Drew Beckmeyer creates quirky paintings that fuse visuals from different times and spaces, often pairing unexpected scenes with seemingly personal and historical references. They are both charming and mysterious works that teeter between whimsical and ominous. Beautiul/Decay recently interviewed Drew regarding his process, and even took a sneak peak at his studio behind the scenes.
With simple masking tape, photographer Robert Chase Heishman transforms everyday spaces into flat, geometric scenes. This effect creates an illusive new space, redefined by new boundaries. Whether the tapes’ colors are bright or more subdued, the effect is stark. He creates new shapes within the photograph, or uses the tape to create a framed effect for the photograph. If the photographs were stripped of tape, the photographs would be a bit dull. By adding the tape to some of his scenes, Heishman creates the effect of a lost dimension. Because his designs are so thoughtfully shaped, it takes more than a glance at these photographs to recognize that the tape has been placed onto the scene and not the photograph. When he’s not masking his surroundings with tape, Heishman also works with video and sculpture to explore similar themes like peripheral vision, flatness, and digital affect. He lives and works in Chicago. (via from89)
The Centro Financiero Confinanzas Skyscraper in Caracas, Venezuela, has been home to 3000 squatting residents since October 2007. Alejandro Cegarra took five months to create The Other Side of the Tower, a photo-series that documents the lives of the abandoned building’s inhabitants. Although it is in no way an ideal life – Cegarra reports that there are places without railings where drunk people or children have fallen, and that the water and electrical systems are not adequate – the Tower of David, as it has been nicknamed, is a place where people have created their homes to live mostly peacefully.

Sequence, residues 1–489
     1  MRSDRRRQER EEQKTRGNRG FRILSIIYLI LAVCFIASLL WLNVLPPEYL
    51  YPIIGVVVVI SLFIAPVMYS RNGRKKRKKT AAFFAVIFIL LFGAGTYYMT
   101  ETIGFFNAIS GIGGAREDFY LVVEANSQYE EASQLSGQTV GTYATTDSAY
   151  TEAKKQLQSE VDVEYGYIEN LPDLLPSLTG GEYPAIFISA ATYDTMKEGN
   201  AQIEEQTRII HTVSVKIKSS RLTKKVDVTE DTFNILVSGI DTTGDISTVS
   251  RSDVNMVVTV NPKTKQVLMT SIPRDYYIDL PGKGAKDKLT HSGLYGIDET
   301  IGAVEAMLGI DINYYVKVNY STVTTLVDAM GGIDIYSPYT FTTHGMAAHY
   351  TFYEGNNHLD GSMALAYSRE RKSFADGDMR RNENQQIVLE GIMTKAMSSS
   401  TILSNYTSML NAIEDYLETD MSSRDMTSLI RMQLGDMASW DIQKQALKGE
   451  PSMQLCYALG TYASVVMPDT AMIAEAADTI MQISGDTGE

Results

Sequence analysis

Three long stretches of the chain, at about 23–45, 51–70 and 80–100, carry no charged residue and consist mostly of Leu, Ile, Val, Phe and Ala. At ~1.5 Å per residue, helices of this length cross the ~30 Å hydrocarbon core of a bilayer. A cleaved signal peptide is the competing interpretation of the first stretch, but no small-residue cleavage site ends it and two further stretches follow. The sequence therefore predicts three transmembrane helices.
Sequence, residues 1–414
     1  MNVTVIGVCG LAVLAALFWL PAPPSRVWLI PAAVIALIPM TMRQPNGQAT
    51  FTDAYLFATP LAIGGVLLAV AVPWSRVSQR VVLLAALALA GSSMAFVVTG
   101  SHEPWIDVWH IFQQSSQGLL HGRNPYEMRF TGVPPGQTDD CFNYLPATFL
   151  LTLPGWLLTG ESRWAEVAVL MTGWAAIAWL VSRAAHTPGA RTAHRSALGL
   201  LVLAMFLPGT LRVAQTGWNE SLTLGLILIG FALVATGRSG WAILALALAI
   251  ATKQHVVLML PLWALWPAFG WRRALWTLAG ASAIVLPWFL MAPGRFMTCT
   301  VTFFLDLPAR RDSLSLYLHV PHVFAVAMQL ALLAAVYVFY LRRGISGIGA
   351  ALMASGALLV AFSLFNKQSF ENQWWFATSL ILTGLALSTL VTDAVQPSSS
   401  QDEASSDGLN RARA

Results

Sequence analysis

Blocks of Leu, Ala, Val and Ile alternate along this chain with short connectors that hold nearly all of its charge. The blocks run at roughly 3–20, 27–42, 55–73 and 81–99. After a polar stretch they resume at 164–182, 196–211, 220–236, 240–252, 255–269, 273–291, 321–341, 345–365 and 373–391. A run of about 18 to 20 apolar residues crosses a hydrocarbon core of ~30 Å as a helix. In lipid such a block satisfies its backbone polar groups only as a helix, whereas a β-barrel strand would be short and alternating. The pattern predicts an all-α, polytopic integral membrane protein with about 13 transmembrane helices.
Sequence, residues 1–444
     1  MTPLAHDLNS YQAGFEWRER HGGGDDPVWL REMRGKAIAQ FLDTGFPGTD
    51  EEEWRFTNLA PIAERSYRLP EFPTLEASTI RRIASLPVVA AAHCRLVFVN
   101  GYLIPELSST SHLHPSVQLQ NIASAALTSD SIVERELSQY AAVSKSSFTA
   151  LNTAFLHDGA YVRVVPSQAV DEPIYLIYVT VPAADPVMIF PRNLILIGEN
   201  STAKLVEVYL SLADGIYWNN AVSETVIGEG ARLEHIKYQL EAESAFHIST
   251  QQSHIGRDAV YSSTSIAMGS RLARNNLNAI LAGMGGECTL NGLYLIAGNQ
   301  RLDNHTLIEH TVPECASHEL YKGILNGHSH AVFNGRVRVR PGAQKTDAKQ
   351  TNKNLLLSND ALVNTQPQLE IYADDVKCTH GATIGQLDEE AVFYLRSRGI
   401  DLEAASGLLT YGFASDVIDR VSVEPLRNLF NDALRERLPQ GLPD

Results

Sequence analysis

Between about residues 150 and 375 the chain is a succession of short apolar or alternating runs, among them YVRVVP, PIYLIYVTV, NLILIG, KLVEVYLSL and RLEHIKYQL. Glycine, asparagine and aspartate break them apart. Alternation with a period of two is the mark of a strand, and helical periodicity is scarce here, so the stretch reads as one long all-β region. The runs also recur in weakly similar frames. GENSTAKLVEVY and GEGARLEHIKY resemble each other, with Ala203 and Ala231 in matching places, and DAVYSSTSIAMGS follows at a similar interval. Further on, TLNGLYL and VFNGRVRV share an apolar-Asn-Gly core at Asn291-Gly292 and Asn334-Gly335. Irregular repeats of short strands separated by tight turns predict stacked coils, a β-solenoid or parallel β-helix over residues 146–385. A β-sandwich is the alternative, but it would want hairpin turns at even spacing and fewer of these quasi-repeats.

Cegarra’s photographs provide a candid look at the community, and how they have developed the unfinished building into something livable. There are shops, and even an unlicensed dentist working in the building. Although the elevators do not work, people ride motorcycles up to the 10th floor in place of them. Residents live up to the 28th floor, meaning some walk 18 flights of stairs even with the use of a motorcycle.
The photo-series brings up an interesting issue of living standards and help versus enforcement. After difficult negotiation, government officials agreed in July to move hundreds of families to new social housing in Cua, south of Caracas. There has apparently been interest expressed in developing the rest of the building for its original purpose, but the government states it is open to a dialogue concerning the use of the building. Still, considering some residents would have been living there for 7 years, is dislocation the best option? Could the government have invested money in developing the building as a better home to those who already live there, or is it a-moral to nurture inherently unstable conditions.